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    How to choose a food safety auditor - Step 2, Bad Auditor

     

    Julia Stewart:
    Hello, this is PMA PR Director Julia Stewart, and welcome back to PMA’s audio blog, “Ask Dr. Bob” with PMA’s Chief Science & Technology Officer Dr. Bob Whitaker. Bob, as we were talking about in our previous post, we many times hear from growers and processors about their frustrations with some auditors. So, what can a grower or processor do if a “bad” auditor shows up to do an audit?
     
    Bob:
    Julia, first let’s put some perspective on this.  As in every occupation, there are people that are good at what they do and there are those that are not so good.  In the years I have been in the produce industry, I have been fortunate to work with a number of third party and government auditors who are professional, well trained and dedicated to doing a good job.  Indeed, I would say the overwhelming majority of the auditors I encountered really worked hard to do a good job. But, I have also seen the other side of the spectrum; the un-prepared, inexperienced, authoritarian types that can make an audit difficult and really bring very little value. 

    Julia:
    So what should a person do if a poorly prepared auditor arrives to audit their operation?

    Bob:
    There’s a real fine line here regarding what you can do.  But, there are a few things an operator needs to keep in mind:

    First, understand that in reality an auditor needs to be a “little removed” or detached.  They are not there to be your friend.  They are there to be an impartial observer and evaluator of your food safety program.  They can only base their evaluation on what they see and on the documentation and data you present to verify you’re following your program every day. They can also assess your operational food safety performance by asking questions and using those answers to support their observations and your documentation.  You want an auditor that has this professional detachment because it will result in a more fair and unbiased assessment of your food safety status.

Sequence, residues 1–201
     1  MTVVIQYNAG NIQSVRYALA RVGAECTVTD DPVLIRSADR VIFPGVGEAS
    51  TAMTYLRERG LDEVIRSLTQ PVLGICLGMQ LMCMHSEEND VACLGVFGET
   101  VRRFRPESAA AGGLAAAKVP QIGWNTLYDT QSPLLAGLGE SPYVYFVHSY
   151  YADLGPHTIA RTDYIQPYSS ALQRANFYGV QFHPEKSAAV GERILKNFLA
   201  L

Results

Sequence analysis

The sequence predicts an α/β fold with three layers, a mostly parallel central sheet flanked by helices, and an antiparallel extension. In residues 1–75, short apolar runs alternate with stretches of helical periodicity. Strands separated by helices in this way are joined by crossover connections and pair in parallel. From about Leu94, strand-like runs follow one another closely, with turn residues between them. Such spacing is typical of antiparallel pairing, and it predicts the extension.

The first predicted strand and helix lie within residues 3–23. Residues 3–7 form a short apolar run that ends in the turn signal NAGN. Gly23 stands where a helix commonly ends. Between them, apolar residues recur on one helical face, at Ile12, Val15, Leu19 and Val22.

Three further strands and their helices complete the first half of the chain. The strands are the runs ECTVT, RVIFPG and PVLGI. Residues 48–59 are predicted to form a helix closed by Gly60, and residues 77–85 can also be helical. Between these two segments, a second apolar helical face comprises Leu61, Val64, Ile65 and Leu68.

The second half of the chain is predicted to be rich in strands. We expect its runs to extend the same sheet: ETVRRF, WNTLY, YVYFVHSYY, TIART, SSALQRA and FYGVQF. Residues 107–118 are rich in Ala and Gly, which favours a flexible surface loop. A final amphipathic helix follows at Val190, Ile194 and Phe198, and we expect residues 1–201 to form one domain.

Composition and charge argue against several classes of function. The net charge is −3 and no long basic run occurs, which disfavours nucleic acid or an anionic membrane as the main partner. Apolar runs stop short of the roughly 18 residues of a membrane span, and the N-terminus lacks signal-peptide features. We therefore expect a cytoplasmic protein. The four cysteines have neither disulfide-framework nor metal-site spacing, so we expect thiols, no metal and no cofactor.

Second, previously we discussed the importance of the operator meeting with the third party prior to conducting an audit — whether you are the one selecting the auditing company or whether your customer is mandating a specific one.  If an operator can meet with the third party before hand to gain a better understanding of the auditor’s capabilities and expertise, I think you can reduce some of the frustrations of having a bad auditor.  The third party auditor will also come away from this discussion with a better understanding of your expectations and perhaps use this knowledge to assign an auditor that is ideally suited for your type of operation.

    Third, I often tell growers and processors not to be a victim of their auditor.  Be an active participant in your audit.  Be professional and prepared.  Make sure you have a responsible party accompany the auditor, have your food safety documents available for review, and be able to answer questions.  Invest the time in your audit and make your own observations.  If you think the auditor gets off track, is argumentative, over-steps their bounds, or fails to understand an aspect of your program, politely and professionally ask for a clarification. If you cannot reach resolution, make sure the auditor understands you disagree and that you request further discussions on the issue with the auditor and their supervisor.  Sometimes, an auditor can even call a supervisor on the spot to get input and address your concerns immediately.    

    Last, keep in mind that you are paying for this service.  If you are selecting a third party auditor to work with and you get an unqualified auditor, then you can terminate your relationship and interview other third party companies for future use.  If the audit company is mandated by a customer, I think you need to let your customer know of your dissatisfaction.  Nobody, however, is impressed with an emotional rant.  Document your issues with the auditor, provide your reasoning and any data that you have that supports your practices and why they are acceptable risk mitigation methods. Be professional.

    Julia:
    Thank you, Bob, for providing some clarification and suggestions for a very tricky situation. Listeners tune in next time when Bob will discuss the third important element in choosing a third party auditing partner, the corrective actions process.  See you then!

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